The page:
Carl-Heinrich von Stülpnagel

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Carl-Heinrich von Stülpnagel
Bundesarchiv Bild 183-R63893, Carl Heinrich von Stülpnagel.jpg
Carl-Heinrich von Stülpnagel
Born (1886-01-02)2 January 1886
Berlin
Died 30 August 1944(1944-08-30) (aged 58)
Plötzensee Prison in Berlin
Allegiance  German Empire (to 1918)
 Weimar Republic (to 1933)
 Nazi Germany
Service/branch Heer
Years of service 1904–1944
Rank General der Infanterie
Commands held II. Armeekorps
Battles/wars World War I
World War II
Awards Knight's Cross of the Iron Cross

Carl-Heinrich von Stülpnagel (2 January 1886 – 30 August 1944) was a German general and a member of the July 20 Plot to assassinate Adolf Hitler.[1]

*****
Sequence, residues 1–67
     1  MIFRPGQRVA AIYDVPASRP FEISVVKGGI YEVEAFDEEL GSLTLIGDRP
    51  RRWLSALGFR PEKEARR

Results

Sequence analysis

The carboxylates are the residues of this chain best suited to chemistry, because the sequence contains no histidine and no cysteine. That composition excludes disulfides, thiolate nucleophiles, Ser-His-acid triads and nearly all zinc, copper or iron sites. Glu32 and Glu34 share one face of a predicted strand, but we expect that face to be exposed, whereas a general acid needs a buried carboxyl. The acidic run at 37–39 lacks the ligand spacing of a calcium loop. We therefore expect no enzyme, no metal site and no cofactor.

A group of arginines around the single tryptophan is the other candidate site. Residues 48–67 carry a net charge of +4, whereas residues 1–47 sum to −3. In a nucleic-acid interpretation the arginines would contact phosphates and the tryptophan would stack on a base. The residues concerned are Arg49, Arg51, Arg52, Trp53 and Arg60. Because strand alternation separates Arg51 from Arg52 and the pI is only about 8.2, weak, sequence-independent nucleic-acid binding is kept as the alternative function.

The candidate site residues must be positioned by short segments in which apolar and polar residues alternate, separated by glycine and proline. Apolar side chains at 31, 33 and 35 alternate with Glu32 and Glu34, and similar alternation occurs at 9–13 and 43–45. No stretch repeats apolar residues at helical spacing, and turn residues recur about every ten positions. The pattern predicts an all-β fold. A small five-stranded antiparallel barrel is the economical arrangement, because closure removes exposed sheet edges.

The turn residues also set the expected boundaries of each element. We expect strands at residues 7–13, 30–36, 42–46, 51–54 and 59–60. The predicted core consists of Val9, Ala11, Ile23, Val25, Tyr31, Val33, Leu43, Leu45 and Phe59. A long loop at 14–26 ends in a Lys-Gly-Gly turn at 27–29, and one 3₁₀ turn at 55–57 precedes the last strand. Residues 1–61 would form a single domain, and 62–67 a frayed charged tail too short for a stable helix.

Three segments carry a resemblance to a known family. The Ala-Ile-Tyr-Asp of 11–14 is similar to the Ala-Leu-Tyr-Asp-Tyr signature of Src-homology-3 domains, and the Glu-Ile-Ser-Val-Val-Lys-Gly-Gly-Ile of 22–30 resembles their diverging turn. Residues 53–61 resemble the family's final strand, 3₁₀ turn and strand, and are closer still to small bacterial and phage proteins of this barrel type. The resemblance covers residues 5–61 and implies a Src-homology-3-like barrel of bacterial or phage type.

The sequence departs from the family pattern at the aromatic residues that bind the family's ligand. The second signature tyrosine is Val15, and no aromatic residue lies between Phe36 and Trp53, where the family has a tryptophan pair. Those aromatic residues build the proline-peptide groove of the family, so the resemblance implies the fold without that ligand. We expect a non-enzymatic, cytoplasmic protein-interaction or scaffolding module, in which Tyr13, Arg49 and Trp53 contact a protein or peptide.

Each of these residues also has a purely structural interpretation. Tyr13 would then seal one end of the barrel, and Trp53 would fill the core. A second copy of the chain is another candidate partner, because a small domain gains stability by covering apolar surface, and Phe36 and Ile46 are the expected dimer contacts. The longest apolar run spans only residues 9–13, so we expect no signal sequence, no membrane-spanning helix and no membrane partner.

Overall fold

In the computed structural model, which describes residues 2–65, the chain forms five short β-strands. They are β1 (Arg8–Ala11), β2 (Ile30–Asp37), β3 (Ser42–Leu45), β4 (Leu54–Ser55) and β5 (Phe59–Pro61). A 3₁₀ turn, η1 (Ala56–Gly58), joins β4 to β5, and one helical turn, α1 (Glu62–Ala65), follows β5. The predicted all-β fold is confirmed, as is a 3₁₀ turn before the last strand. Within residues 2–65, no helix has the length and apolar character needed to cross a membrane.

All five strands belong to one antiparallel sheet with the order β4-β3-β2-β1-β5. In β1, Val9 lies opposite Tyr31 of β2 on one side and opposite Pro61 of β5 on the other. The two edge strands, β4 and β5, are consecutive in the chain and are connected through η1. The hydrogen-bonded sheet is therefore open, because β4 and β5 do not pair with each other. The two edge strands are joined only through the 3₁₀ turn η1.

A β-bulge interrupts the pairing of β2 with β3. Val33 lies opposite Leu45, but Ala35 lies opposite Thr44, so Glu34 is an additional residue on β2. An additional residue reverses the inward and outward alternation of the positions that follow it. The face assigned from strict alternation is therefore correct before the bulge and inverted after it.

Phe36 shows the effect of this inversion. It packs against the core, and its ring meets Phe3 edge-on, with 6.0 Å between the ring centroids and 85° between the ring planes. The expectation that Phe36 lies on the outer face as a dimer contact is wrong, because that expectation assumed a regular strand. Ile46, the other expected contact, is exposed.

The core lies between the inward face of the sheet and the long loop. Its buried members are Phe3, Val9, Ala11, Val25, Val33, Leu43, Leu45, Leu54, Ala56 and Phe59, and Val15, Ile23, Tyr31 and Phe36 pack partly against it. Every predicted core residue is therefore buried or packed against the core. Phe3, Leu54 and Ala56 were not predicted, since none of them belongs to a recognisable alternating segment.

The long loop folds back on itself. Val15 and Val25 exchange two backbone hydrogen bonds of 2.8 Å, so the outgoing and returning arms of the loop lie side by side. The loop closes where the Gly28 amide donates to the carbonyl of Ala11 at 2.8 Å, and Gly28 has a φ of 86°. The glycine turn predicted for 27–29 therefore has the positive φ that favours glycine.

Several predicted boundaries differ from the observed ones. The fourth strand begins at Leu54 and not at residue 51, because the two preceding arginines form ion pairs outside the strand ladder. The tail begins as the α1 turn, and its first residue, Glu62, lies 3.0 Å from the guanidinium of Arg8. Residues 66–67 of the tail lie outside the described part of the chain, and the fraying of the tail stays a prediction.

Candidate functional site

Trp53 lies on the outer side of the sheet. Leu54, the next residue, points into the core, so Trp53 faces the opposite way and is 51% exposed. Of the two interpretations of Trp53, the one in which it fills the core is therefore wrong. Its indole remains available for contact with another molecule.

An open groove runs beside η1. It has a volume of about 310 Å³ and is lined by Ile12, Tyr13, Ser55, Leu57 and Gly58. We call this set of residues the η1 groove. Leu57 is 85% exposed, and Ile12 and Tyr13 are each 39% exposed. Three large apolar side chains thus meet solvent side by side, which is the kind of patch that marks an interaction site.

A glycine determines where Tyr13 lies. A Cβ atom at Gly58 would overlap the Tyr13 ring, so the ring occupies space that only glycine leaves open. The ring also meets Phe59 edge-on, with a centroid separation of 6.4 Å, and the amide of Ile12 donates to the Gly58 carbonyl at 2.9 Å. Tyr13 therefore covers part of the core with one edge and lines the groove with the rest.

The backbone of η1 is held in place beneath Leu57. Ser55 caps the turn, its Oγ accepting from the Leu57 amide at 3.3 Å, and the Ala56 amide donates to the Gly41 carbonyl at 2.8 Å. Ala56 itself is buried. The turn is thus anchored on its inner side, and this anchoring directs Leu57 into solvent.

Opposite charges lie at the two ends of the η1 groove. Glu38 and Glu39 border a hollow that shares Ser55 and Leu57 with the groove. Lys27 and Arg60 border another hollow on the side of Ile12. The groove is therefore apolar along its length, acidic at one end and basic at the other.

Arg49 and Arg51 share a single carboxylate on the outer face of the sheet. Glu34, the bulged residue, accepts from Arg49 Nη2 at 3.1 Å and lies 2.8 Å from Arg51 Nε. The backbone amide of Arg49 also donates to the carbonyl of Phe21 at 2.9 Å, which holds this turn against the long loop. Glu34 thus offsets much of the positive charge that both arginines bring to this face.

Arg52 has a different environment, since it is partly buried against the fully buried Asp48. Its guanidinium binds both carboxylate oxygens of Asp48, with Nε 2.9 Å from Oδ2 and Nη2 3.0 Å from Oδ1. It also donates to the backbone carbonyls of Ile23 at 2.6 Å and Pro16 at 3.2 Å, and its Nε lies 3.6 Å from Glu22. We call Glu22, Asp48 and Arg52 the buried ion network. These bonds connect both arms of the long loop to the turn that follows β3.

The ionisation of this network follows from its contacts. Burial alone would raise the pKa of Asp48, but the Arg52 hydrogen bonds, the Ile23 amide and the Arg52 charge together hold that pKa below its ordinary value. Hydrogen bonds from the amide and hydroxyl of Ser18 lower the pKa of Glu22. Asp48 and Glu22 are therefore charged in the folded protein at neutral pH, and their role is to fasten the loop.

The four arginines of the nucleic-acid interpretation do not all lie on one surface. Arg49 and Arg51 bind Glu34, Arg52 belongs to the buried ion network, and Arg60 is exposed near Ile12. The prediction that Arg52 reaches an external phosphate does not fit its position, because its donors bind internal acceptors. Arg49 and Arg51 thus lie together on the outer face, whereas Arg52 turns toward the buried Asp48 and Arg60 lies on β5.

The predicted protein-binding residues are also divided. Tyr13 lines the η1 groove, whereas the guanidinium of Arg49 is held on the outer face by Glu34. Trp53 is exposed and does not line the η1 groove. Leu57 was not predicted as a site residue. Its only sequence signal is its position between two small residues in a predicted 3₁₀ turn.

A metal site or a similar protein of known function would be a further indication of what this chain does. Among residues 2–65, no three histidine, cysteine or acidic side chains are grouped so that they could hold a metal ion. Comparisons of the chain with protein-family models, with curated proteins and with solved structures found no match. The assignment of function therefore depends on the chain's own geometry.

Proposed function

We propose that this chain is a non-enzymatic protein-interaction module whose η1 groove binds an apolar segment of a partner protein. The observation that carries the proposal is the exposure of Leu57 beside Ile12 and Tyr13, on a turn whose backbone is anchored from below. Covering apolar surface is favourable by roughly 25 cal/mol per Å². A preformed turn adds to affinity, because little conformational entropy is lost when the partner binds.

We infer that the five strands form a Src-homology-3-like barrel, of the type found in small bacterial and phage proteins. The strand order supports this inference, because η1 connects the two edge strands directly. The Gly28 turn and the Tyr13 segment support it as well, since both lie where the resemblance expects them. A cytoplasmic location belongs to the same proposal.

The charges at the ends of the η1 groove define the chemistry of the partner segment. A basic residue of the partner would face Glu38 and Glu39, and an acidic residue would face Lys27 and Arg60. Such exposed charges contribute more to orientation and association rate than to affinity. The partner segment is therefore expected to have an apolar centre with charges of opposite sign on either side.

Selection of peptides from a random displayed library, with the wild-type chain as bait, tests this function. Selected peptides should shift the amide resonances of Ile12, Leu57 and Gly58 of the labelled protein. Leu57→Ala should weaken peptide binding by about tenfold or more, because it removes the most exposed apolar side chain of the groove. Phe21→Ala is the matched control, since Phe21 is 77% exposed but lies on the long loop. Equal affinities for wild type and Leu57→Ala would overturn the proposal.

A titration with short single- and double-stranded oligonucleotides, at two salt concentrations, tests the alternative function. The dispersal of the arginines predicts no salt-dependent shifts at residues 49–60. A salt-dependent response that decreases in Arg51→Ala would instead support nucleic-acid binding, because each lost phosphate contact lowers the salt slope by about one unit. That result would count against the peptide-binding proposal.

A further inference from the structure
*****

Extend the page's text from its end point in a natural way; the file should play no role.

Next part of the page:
Early life[edit]

Born in Berlin, Stülpnagel joined the German military straight from school in 1904,[1] and in the First World War, he was a general staff officer. After the war he served in the Reichswehr. He was promoted to Hauptmann in 1924 and Major in 1925.[1] He then commanded the 2nd Battalion of the 5th Infantry Regiment based at Neuruppin. In 1933 as an Oberst he was appointed head of the 'Foreign Armies' branch of the General Staff of the Army.[1] In 1935 he published a memorandum in which he combined anti-Bolshevism with anti-semitism[2] By 1936 he was a Generalmajor and commanded the 30th Infantry Division in Lübeck. On 27 August 1937 as a Generalleutnant he was appointed Deputy Chief of the General Staff of the Army.

In 1938, the Blomberg-Fritsch Affair and the Sudeten Crisis led to a weakening of Stülpnagel's enthusiasm for the National Socialist régime in Germany. It was at that time that he established contact with the Schwarze Kapelle, notably revealing the secret plan for the invasion of Czechoslovakia.

World War II[edit]